When the dean of the medical school at Ohio State learned why Dr. Parke’s application had been denied, he was so enraged by the hospital’s decision that he made space for Dr. Parke to continue in a residency at Ohio State University Hospital. The residency was in internal medicine, but it would set the man who’d not wanted to put his fingers in people’s mouths on a path of taking care of their eyes.
While in the program, Dr. Parke encountered an ophthalmologist “who was very interested in systemic ophthalmology.”
“He frequently was asked to consult on patients who had systemic disease that affected the eyes,” Dr. Parke recalls, “and he was so excited every time he saw something interesting that, if I were around, he would call me to come and look. …His enthusiasm was so infectious.”
Dr. Parke credits this mentor, who also invited him to come watch some surgeries, with his decision to go into ophthalmology. “It seemed to me ophthalmology offered the best of both worlds,” he says: medicine “and also an opportunity to use my hands and do some surgery.”
Two years into his first residency, Dr. Parke applied for a second, in ophthalmology, at Columbia University in New York. At that time, people were being admitted every three months, but for some reason, Dr. Parke was faced with a six- or nine-month delay. But this time, unlike his previous chance in the Army to “sit tight,” he couldn’t wait. He called the director of the program at Columbia and asked if there were any way to start sooner.
It turned out that there wasn’t, at least at Columbia, but the following day the director called back to report that Wilmer had suddenly gotten a vacancy. Wilmer was already a top choice for ophthalmology. In fact, it was so well thought-of and so hard to get into that “I never even applied,” Dr. Parke says. Because of another student’s last-minute decision to drop out, however, all it took was an abruptly scheduled interview for Dr. Parke to be admitted to the program.
But if choosing not to wait on Columbia almost immediately worked out for the best, there were other choices in his new career in ophthalmology that proved more difficult. After completing his time at Wilmer, Dr. Parke had a chance to stay on and work with M. Elliott Randolph, MD, and join the school’s faculty. Because both he and his wife had aging parents, however, Dr. Parke turned the offer down and moved his family home to Connecticut. “We felt a duty, in a way, to be close to help them,” he says.
Two years later, however, he faced a far more difficult decision when Edward Norton, MD, who was then starting the Bascom Palmer Eye Institute, invited him to move to Florida to help with the new operation. “I thought a great deal of Ed Norton,” Dr. Parke says. But by then he had three children (including the boy who grew up to be the Academy’s CEO and EVP David W. Parke II, MD), a new office and “all the expenses and all the debts I owed for medical school.” As tempting as Dr. Norton’s offer was, “to give all that up and go into a new position in Florida, I really couldn’t afford it.”
So he stayed there in Connecticut, in the community he and his wife were from and, with the resolve that’s defined him from that difficult choice on the aptitude test to the present, made the best of it. He admits the foregone opportunity haunted him, but says “I went on to be very happy with the rest of my life.”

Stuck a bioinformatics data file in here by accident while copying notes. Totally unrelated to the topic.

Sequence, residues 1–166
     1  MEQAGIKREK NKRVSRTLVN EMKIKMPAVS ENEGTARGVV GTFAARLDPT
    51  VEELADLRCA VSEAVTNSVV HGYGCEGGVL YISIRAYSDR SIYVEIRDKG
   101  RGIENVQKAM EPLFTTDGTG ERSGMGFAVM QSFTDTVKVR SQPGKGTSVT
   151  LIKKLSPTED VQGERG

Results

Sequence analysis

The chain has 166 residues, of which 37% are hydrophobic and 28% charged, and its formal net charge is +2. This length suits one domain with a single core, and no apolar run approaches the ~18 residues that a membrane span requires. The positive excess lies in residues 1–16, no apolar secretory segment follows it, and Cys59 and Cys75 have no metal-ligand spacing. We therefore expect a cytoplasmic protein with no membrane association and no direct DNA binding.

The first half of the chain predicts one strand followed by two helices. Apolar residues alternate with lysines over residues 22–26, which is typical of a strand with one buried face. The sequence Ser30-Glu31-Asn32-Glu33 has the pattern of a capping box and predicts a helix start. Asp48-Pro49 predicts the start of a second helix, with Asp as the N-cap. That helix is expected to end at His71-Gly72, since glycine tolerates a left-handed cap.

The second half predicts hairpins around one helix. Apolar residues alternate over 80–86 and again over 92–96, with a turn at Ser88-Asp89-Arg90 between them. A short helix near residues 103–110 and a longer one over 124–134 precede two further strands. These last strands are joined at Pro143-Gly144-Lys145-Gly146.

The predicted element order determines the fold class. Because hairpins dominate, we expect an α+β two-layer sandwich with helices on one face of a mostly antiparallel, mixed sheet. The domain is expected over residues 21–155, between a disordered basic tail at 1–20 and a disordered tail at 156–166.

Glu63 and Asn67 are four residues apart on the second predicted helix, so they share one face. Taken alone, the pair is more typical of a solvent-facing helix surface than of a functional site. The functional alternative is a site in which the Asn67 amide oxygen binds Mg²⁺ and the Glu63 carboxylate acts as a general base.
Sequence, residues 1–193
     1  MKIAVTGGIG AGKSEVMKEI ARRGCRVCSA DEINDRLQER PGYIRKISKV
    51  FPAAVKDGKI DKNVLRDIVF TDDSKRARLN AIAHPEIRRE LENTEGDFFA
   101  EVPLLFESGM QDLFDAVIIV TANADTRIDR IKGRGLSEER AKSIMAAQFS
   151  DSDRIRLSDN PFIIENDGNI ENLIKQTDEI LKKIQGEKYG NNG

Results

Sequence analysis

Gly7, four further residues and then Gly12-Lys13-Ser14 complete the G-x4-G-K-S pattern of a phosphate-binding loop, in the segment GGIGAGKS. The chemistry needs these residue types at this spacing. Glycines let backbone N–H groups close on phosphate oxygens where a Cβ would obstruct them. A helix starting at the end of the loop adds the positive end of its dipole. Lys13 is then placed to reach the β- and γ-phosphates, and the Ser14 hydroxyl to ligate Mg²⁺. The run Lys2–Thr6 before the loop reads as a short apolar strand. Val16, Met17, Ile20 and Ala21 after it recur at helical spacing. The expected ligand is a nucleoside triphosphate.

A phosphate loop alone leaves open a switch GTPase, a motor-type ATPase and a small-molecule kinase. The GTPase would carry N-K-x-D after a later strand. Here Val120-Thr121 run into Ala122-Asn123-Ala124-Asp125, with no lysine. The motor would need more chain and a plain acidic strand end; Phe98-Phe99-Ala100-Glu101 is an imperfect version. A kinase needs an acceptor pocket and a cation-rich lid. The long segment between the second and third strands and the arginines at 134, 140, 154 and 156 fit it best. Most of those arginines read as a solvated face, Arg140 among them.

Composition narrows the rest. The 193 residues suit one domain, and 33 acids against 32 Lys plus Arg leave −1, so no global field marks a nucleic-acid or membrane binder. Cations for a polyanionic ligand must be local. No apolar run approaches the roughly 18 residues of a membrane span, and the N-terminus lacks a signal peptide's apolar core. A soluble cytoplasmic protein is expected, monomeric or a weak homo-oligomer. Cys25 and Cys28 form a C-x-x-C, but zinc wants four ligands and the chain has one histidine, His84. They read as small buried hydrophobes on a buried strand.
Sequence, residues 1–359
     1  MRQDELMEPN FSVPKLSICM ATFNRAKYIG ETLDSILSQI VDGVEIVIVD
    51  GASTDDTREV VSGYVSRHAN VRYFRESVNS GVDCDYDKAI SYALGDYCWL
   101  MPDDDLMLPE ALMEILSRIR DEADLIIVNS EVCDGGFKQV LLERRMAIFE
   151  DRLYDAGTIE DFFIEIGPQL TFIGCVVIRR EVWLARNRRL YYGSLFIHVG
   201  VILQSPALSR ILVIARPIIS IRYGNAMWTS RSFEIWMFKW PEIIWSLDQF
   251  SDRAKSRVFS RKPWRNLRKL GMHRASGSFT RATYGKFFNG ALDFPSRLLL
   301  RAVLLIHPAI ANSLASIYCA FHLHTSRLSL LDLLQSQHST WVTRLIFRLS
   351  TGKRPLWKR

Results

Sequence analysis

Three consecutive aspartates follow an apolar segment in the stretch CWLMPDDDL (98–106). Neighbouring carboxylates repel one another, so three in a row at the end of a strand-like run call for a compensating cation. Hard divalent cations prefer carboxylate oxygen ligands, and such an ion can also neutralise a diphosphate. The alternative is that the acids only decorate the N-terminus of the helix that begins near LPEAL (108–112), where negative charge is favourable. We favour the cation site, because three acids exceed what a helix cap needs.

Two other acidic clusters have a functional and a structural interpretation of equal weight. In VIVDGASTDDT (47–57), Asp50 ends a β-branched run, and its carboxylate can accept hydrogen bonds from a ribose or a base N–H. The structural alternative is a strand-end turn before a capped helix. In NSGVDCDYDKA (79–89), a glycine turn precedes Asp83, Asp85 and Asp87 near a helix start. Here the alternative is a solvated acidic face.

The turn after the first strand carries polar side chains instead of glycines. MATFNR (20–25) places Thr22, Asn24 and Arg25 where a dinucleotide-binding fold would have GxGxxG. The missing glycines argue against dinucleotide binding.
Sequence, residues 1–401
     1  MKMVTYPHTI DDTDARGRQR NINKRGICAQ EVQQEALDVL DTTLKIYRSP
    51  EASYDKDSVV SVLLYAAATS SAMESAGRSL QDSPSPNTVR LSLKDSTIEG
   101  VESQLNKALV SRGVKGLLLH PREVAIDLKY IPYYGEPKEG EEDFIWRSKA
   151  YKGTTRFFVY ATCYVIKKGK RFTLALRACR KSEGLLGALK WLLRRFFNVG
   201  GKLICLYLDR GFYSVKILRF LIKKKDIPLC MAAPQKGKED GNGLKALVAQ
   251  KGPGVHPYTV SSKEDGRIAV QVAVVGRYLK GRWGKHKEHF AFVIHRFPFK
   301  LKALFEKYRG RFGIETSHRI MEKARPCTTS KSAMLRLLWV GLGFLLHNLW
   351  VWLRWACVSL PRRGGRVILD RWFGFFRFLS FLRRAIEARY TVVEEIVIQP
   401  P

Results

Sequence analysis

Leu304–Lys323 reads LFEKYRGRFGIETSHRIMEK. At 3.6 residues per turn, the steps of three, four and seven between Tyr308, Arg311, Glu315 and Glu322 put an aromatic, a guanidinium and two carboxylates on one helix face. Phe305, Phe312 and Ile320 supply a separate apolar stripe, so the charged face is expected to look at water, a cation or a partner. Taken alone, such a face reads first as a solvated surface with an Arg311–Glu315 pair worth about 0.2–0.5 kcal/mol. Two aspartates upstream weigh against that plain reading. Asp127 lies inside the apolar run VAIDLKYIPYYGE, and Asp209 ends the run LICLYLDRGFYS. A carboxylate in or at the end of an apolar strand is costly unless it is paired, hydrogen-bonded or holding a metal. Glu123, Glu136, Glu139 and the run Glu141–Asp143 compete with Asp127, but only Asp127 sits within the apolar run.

This was probably a combination of outlook and opportunity. “When I started practice, there were very few subspecialists,” Dr. Parke says. “So having had a really good background at Wilmer, I did my own oculoplastic surgery, I did my own retinal detachment surgery — such as it was done at the time — I did my own strabismus surgery. … Those were things I really enjoyed doing.”
He went on to become the chief of the medical staff at his hospital, a position he held for 12 years, and enjoyed numerous opportunities to do clinical research and pioneer use of innovative technologies — all this, he stresses, for those who might see not subspecializing as limiting — as a comprehensive ophthalmologist. Dr. Parke was the first in Connecticut to insert an intra-ocular implant (following studies abroad with the Dutch ophthalmologist Jan Wurst, MD) and got his hospital to buy a Xenom-Arc photo-coagulator (cutting-edge equipment at the time), enabling him to become one of the first in the state to use photocoagulation for diabetic retinopathy.
Today Dr. Parke oversees residents in his work with low-vision patients and is the editor of Scope, the Academy’s quarterly newsletter for senior ophthalmologists. Until recently he was also teaching medical students at Yale (mostly first- and second-years), including a freshman course on how to use the ophthalmoscope.
“We make decisions in life,” he says. “Sometimes they’re not what we think are the best decisions but you find out afterward that you’ve been blessed because you made that decision, because you’ve made the best of it. I have no regrets.”
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About the author: Christi A. Foist is the managing editor for YO Info and the Web and Member Communications Editor for the Academy’s Web site.